The Limitations of Helping Others: How to Help Well

Our behavior influences others.

Posted Nov 29, 2018

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We humans are a giving species. Sayings such as “sharing is caring” and “it’s better to give than to receive,” reflect the values our society upholds. So when you embark on a path of improving your life and you experience amazing benefits, your impulse may be to share what you’ve learned with family and friends. 

 As a result of the time you’ve invested in improving yourself, you may be thinner, fitter, happier, or richer… there are probably as many self-improvement areas as strategies to manifest them. As eager you may be to have others benefit from the outcomes you’ve experienced, your efforts may actually generate the opposite of what you intended: They may be turned off and resist rather than embrace your message. 

We have many reasons why we’re inclined to want others to improve their lives as we have. At the top is a desire to help. Also, is a hope that others will join us on our growth journey. While growth is good for our well-being, it does come with consequence. And one of those downsides is that the people who have been in our lives, sometimes for decades, may not join us on our journey. As a result, we may have periods in our lives where we are alone, or we fill our lives with new like-minded people. 

This doesn’t mean we should avoid or give up on trying to influence family and friends. But you must do so without having any expectation. Otherwise, in the event your help is unwelcomed or unfollowed or both, you’ll risk feeling disappointed. To avoid disappointment, my recommendation is to take an “actions speak louder than words” approach. This subtle strategy has modeling behavior at its core.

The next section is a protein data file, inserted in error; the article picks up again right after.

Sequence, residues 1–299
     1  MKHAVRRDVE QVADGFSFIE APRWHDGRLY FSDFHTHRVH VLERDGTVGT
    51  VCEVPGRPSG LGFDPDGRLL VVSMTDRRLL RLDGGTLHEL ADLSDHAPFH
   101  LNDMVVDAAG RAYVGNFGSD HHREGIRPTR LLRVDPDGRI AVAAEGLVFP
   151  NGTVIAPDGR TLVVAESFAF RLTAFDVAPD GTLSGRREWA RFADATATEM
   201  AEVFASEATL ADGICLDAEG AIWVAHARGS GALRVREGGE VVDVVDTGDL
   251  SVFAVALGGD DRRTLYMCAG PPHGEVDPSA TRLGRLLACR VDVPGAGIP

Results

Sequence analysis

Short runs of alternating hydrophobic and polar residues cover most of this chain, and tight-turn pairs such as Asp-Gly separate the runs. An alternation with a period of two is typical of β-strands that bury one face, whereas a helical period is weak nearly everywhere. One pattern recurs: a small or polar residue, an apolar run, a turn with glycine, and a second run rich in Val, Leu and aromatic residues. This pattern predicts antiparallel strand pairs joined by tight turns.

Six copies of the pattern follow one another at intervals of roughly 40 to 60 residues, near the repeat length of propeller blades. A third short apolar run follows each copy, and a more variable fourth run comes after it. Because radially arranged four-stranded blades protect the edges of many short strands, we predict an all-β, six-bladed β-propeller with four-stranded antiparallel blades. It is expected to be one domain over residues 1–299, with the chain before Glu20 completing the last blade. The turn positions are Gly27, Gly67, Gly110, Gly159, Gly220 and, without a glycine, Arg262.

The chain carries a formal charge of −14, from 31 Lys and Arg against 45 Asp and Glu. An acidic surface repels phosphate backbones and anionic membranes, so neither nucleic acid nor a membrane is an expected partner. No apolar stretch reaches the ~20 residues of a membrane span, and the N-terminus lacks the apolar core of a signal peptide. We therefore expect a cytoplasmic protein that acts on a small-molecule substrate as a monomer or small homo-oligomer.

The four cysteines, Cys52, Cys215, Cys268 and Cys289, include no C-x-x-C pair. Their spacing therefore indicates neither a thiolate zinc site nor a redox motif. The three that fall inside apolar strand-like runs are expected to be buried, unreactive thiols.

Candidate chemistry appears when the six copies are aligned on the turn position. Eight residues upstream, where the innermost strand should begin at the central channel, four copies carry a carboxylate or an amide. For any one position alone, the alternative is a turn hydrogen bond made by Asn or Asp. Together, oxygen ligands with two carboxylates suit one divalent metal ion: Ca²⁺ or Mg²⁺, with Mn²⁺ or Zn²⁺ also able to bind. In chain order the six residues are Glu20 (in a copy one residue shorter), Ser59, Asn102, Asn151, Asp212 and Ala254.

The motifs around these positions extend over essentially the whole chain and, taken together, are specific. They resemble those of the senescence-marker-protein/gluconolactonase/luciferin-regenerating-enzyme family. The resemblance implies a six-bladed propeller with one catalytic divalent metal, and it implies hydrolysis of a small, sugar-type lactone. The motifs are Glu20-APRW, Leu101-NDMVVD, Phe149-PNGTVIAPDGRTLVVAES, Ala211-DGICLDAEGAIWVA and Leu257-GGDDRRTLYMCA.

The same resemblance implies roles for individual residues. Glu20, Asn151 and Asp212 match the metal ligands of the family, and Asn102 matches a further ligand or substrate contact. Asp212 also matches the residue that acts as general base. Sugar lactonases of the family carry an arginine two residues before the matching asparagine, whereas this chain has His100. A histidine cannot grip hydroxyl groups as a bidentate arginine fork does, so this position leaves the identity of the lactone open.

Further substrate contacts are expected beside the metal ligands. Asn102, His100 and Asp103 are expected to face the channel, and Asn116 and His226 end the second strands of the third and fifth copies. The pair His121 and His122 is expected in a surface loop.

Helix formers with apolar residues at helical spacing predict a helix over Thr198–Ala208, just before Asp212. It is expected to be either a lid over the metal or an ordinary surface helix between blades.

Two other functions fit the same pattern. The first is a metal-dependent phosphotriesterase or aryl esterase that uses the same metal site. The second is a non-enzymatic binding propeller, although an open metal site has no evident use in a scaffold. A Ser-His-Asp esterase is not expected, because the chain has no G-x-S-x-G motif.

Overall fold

Imagine you recently embarked on a meditative practice. As a result, you find yourself calmer. Before, when you were behind the wheel, you’d instantly become upset when another driver cut you off. But not anymore. 

One day your spouse is a passenger sitting beside you. Someone in front of you aggressively cuts you off. So much so that your significant other yells at the driver from inside your car. Meanwhile, your indifferent reaction comes as a surprise. 

“Woah, I totally thought you were going to blow up,” your spouse says. 

You explain that careless drivers no longer upset you. Your significant other suddenly wants to know more about how you’ve changed and becomes curious about how you went about decreasing your road rage. Without telling your spouse, “you need to meditate,” you’ve aroused curiosity through modeling behavior. 

This example points to how we are all interconnected. Our behavior influences others. If we continue growing, we will see change within and around us. Now this doesn’t mean that every passenger in our car will be calmer and experience less road rage when they’re behind the wheel because they’ve witnessed how we’ve become calmer. 

But it does mean that as we change, our world around us will too. We don’t know what this will look like or how subtle or obvious it will be, but change is inevitable. And when we drop the need to expect a particular outcome from the changes we’re experiencing (such as that friends and family will change too), we are learning how to embrace life more and suffer less. 

“When I pull a blade of grass, the whole universe shakes.” I love that saying and remind myself of it often. It expresses our interconnectedness with others. In our growth journey, we may wish those we care about will embrace change too. We may at times feel isolated in our pursuit of happiness. But by understanding our interconnectedness, we learn to trust that everything happens for a reason and our lives will turn out beautifully. We accept that every person has his or her own growth trajectory. While we can influence others by modeling, in the end the only person we can guarantee to change is us. By truly understanding this, we learn to flow, accept and love the life unfolding before us.